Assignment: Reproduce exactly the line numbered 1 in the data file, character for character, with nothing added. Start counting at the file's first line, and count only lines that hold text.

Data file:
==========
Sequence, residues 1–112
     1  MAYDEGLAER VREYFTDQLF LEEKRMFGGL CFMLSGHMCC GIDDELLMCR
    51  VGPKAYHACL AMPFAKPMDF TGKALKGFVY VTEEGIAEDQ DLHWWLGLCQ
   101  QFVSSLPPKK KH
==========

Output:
Sequence, residues 1–112